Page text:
skip to content

Masters in Conservation Leadership


Project Overview 

Our project is a unique human-elephant collaboration fostering co-existence between local communities and elephants in Zimbabwe. Our work is centred on a heard of habituated elephants re-homed from the elephant riding industry. Though mutually respectful workshops with these ‘ambassador’ elephants - and by providing training, equipment, and job opportunities - we're given local people the tools they need to become elephant guardians in their communities. Together we are on a path towards greater human-elephant coexistence.


Project aims: 

  • Increase understanding of elephants by workshop participants attending workshop;
  • Increase understanding of elephants in the wider community via information shared by participants;
  • Identify a suitable candidate for the role of first Community Guardian and provide employment and equipment;
  • Increase uptake of deterrent measures in target community;
  • Reduce the incidents of conflict between humans and elephants in the target communities;
  • Reduce damage to crops in target community;
  • Change negative perceptions of elephants where these are identified;
  • Gather data for M&E in order to determine overall success.


Key activities: 

The workshop and training will be delivered over a three-day period. This will form part of a three week field implementation period which will included and orientation and community visit for the selected guardian, and provision of essential equipment. Once established the project team will continue collect and collate data on elephant interaction with deterrents via updates from the Guardian. This will be analysed with a final report produced after 12-month pilot period is complete.


Expected conservation impact

Human elephant conflict is high in the Kavango–Zambezi Trans-frontier Conservation Area, with elephant deaths from Problem Animal Control outstripping deaths by poaching. With human population set to grow across elephant ranges the number of human-elephant interactions is set to increase. Accordingly, developing successful models for co-existence is essential to ensuring a long-term future for elephants, as such this work has considerable wider conservation significance. The Ambassador Herd is to our knowledge, wholly unique, as such these habituated elephants provide an exceptional opportunity to promote positive human-elephant interaction and allow people to reconnect with the natural world.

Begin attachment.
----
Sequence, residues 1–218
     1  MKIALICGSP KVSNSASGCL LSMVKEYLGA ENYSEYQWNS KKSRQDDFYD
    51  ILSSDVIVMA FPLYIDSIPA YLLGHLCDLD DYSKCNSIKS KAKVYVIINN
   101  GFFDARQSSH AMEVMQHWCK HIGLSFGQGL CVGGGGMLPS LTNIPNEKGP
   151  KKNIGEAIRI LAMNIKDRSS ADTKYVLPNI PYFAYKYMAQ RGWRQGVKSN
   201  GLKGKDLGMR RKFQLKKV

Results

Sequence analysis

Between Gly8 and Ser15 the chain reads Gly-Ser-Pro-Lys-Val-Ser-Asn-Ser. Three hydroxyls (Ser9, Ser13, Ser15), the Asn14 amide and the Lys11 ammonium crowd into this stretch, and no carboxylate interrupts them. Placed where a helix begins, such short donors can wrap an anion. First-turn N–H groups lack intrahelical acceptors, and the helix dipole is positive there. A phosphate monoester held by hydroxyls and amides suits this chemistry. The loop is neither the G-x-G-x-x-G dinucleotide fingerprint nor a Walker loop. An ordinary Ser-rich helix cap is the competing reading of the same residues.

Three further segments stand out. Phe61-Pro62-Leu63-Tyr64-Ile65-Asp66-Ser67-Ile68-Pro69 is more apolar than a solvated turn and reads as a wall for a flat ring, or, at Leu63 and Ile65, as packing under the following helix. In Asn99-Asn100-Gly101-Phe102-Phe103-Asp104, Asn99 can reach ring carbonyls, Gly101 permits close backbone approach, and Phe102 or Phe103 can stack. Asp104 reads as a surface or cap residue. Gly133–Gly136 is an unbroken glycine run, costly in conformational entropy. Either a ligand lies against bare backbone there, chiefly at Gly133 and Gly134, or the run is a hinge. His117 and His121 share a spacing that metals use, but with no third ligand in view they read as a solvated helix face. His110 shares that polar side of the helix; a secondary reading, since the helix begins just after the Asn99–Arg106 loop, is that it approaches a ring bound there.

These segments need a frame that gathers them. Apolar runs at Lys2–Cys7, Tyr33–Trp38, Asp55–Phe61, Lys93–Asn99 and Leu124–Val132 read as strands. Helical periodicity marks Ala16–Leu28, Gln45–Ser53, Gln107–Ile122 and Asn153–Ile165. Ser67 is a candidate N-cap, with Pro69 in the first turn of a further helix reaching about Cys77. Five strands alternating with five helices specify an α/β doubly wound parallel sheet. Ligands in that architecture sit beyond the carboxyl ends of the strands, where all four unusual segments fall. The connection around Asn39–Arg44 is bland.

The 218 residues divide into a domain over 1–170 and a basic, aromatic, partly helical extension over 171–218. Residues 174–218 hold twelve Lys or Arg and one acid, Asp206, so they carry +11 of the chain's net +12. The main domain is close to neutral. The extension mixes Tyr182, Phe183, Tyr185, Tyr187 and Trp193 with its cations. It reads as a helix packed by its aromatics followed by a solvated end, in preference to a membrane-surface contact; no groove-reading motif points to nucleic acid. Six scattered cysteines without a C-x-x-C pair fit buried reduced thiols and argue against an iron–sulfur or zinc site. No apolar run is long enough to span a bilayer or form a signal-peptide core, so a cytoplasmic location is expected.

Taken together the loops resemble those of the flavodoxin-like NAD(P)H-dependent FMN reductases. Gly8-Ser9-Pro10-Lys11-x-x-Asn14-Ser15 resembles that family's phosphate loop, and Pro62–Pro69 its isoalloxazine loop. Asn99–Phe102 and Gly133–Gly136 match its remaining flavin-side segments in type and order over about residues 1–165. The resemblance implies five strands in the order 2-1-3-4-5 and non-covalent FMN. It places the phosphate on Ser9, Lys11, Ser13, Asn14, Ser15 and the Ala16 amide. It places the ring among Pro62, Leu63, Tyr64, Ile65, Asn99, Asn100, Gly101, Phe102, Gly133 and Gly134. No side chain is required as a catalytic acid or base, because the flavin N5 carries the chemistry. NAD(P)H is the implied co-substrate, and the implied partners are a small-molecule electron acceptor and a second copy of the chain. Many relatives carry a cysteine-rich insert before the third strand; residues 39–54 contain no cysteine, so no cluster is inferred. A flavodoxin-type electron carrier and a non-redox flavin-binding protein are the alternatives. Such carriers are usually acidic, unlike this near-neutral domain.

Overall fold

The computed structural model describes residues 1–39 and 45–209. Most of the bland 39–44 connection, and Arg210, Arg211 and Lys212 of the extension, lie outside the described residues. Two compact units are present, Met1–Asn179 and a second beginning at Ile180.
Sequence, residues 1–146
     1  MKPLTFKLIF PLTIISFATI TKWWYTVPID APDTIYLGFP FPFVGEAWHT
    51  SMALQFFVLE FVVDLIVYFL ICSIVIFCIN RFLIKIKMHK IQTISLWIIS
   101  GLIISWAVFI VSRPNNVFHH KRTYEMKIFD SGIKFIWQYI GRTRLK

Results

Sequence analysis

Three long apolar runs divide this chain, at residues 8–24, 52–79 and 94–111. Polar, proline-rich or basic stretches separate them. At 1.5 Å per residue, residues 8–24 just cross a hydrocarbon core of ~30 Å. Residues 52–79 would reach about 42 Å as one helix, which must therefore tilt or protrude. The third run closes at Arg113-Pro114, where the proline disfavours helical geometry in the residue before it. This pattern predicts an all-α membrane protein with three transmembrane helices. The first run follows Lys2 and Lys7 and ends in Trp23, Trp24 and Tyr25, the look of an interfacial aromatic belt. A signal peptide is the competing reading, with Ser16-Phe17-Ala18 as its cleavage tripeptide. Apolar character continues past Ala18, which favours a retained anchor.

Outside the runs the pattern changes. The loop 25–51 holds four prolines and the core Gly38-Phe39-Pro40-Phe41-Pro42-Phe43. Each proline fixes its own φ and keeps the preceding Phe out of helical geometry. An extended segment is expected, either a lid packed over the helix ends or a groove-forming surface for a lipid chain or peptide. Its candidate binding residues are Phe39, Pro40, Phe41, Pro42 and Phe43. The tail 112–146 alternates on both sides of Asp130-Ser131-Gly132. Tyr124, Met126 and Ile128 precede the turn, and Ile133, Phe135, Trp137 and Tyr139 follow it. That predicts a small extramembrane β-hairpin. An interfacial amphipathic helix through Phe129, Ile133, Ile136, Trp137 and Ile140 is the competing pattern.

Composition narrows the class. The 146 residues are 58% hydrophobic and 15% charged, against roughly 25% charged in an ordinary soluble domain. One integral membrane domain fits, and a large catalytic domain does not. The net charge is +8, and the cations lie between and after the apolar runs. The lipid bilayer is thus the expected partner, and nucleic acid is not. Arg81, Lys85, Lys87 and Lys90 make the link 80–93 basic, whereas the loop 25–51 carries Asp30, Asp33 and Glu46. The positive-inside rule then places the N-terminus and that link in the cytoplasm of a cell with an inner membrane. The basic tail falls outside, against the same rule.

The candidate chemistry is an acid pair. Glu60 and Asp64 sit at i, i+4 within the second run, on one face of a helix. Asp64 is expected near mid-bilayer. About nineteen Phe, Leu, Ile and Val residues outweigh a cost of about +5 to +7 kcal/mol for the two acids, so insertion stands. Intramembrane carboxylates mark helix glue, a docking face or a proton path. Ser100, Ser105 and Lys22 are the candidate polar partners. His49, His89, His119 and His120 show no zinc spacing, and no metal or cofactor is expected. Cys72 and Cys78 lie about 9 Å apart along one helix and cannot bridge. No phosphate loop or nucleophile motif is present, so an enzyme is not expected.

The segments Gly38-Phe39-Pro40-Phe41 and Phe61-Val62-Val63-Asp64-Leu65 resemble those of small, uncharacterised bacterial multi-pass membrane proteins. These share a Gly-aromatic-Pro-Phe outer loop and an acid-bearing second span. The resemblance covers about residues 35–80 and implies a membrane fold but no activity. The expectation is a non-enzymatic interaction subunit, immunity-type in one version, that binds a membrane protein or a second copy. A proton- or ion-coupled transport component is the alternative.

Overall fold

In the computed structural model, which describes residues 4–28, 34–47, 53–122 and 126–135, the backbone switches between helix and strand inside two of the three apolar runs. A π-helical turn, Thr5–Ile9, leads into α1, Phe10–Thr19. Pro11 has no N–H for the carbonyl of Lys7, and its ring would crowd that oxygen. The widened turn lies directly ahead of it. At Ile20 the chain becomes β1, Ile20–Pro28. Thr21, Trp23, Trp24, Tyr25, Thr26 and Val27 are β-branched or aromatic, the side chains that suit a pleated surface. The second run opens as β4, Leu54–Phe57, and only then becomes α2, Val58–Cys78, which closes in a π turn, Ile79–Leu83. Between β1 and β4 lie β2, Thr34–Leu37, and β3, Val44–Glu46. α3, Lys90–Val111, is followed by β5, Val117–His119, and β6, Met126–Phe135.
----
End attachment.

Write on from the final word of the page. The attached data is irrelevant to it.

Expected outcomes

  • 10 local participants complete elephant community outreach training;
  • One candidate selected for further development as a community Guardian;
  • The Guardian is equipped with a bicycle, GPS, and phone procured for the project;
  • The Guardian is paid a monthly salary; Data on elephant activities reported by Guardian;
  • Fences installed and/or maintained to a good standard.


Project team profiles

Rory Wilson (2021-22)

Project management, Consultant

Rory brings bring considerable experience in project and programme management, having worked in national government, local government, and the NGO sector. He is also a qualified as a member of the Field Guides Association of Southern Africa, an Associate Fellow Oxford Centre for Animal Ethics, and an alumni of the University of Cambridge, MPhil in Conservation Leadership, Class of 2022.


External collaborators

Jake Rendle-Worthington

Director of Strategic Planning and Development


Monica Maboke

Communities Manager



Yvonne Masarira

Research Coordinator and Welfare Officer